Versame’s founding team, Jon Boggiano, Nicki Boyd, and Chris Boggiano, is encouraging parents to engage newborn children more frequently by harnessing data-driven, early childhood developmental opportunities through their product – the Starling.
Chris and Jon Boggiano learned a lot about education through founding and selling their first company – Everblue.edu. “It was a training business for adults that taught things like solar installation, energy auditing, and LEED Green Building Standard”, mentions Chris Boggiano.
“In that business, we taught a lot of white collar folks like architects and engineers and a lot of blue collar folks.”
“[For] the people on the bottom it was really challenging because you can’t teach them solar installation if they can’t add two numbers. There’s this big chunk of society that is really hard to retrain and they’re the ones in the most need because they lack those fundamental skills.”
After selling Everblue.edu, the Boggiano brothers went to graduate school at Stanford as Sloan Fellows, met their classmate – and now partner — Nicki Boyd, and continued to explore ways in which technology can improve education.
The group initially focused on ways to educate adults but quickly found themselves needing to help people earlier in life.
They then started to interview high school teachers who in turn implied the same sentiment – help is needed earlier.
The trio then worked their way back to the kindergarten and first-grade levels of education. While studying this age-group they discovered an Infant Studies researcher at Stanford, and after connecting with the researcher the team shifted focus towards early-stage childhood development.
“90% of brain development happens before a child sets foot in kindergarten. The thing that determines your trajectory during that critical window of the first few years of life is how much parents engage with their kids and specifically how much they talk to their kids.”
“So then how do we get parents to talk more to their kids?” The founders then had the idea to create the ‘Fitbit for words’ – the Starling.
The product itself is pretty simple. It’s a white plastic star that clips to a child’s onesie, bib, or shirt, and tracks the number of words spoken to the baby throughout the day.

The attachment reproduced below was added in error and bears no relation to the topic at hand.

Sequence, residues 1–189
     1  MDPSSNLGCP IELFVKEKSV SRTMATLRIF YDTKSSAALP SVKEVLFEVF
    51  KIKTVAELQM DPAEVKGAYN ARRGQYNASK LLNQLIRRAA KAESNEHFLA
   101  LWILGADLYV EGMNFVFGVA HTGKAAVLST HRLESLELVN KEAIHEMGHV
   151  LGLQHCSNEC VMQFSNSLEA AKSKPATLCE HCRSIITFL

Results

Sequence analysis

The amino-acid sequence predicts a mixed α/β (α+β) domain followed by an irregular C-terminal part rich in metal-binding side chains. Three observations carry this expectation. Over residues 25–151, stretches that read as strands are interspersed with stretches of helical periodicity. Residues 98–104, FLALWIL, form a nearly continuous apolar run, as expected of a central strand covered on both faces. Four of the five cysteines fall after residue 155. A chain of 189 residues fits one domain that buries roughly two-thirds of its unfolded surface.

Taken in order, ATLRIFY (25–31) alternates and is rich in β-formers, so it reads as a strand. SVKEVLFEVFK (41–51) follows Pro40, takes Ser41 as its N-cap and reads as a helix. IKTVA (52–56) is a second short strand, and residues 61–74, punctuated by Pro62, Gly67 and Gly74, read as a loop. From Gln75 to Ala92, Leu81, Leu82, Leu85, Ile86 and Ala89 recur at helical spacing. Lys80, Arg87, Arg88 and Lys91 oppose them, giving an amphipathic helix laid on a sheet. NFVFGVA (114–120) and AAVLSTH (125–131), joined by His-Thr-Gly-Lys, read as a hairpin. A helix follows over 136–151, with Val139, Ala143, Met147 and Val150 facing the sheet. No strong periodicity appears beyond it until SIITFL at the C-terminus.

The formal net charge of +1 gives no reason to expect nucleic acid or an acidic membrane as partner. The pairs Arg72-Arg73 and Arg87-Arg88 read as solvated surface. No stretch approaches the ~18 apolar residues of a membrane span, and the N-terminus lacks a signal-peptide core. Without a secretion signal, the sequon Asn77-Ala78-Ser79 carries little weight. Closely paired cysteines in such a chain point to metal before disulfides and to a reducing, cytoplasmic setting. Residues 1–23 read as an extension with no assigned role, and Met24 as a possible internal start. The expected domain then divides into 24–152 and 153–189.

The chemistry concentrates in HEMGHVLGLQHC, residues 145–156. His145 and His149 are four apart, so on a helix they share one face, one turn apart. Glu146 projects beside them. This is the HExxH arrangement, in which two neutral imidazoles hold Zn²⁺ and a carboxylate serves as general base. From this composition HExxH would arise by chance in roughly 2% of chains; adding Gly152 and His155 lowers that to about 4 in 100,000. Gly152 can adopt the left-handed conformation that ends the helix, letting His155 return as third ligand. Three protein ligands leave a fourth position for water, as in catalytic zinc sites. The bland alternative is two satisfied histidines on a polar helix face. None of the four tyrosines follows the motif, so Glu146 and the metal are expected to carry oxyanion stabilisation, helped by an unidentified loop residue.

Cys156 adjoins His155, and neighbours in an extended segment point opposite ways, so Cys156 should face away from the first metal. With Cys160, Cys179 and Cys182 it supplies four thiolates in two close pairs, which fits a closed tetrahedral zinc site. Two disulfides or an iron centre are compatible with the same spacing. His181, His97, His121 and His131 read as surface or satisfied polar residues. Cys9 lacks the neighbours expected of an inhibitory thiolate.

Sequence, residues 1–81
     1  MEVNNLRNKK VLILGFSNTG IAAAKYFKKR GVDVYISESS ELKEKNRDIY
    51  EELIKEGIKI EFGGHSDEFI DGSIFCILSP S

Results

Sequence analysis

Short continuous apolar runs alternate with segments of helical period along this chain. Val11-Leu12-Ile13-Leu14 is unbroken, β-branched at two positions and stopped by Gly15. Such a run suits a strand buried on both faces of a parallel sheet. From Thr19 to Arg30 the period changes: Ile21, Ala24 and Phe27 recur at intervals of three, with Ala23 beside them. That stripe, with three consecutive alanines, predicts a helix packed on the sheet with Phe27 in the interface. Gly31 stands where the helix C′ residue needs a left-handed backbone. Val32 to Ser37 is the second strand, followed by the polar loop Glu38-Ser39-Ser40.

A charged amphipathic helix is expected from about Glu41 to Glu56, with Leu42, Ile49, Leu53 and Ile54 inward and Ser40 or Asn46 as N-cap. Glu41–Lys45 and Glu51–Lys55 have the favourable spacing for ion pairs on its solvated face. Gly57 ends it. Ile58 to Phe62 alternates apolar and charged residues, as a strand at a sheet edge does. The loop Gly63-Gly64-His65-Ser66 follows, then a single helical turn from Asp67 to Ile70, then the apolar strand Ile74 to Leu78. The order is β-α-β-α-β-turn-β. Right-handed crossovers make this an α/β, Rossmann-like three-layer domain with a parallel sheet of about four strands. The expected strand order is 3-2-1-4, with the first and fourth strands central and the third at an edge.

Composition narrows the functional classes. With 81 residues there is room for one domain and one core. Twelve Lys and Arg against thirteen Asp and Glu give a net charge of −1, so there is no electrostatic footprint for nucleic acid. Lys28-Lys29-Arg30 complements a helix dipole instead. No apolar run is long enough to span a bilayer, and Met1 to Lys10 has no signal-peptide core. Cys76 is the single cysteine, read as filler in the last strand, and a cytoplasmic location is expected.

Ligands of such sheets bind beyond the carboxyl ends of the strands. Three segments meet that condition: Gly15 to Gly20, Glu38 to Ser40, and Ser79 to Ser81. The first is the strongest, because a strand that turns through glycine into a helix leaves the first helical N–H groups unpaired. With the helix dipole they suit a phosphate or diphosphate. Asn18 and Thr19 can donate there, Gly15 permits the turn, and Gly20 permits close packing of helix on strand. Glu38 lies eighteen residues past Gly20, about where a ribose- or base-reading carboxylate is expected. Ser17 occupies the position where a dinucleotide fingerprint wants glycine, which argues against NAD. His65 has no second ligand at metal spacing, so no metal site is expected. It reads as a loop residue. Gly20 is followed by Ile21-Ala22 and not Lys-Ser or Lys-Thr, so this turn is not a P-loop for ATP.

Through the app, parents can wirelessly connect to the Starling to set daily, trackable word-count goals. For the times when parents’ creative juices aren’t flowing, the app will send prompts – how did you meet your spouse – to elicit longer conversations with your baby. Over several uses, trends may appear and parents can identify opportunities to engage their child more.
One thing the Starling doesn’t do – record. For privacy reasons the Starling doesn’t have any recording functionality – and besides, who wants all their conversations saved anyways?
It’s all about consistent engagement. You get home from work, you’re tired, and talking to a baby can easily take a backseat to other distractions. “Talk is free – you can do it without any special training and while you’re doing other things – and the lion’s share of parents don’t do it.”
“It’s this whole idea of building a game that encourages and reminds parents to engage with their kids. They’re rewarded for choosing to talk to their child now rather than doing something that is seemingly important” – like checking your texts or browsing Facebook.
“The Starling is an attempt to use technology to pull parents towards their kids. The device itself isn’t what makes a child smarter – it’s the parents who are doing it. It’s meant to be the nudge that facilitates that positive behavior.”
The Versame team isn’t only focused on the consumer market, but also the enterprise community.
“On the organizational side, we’re working with libraries, speech therapists, pediatricians, nonprofits, and even official state programs.”
This week, the team is launching a pilot with Reach Out & Read of the Carolinas. “The plan is to have pediatricians give Starlings to low-income patients during [wellness] visits along with the books they already give out.” If successful, the Starling will go out to more sites in North and South Carolina.
According to Chris Boggiano, “the big aspiration is to have a societal mindset shift.” Versame is out to help change the public consciousness to think of education as “learning starts at birth.”
“Parents are fully equipped to be their child’s first teacher simply by spending quality time engaging, making eye contact, laughing, and playing – the fun parts of parenting also happen to be the best parts for a child’s development.”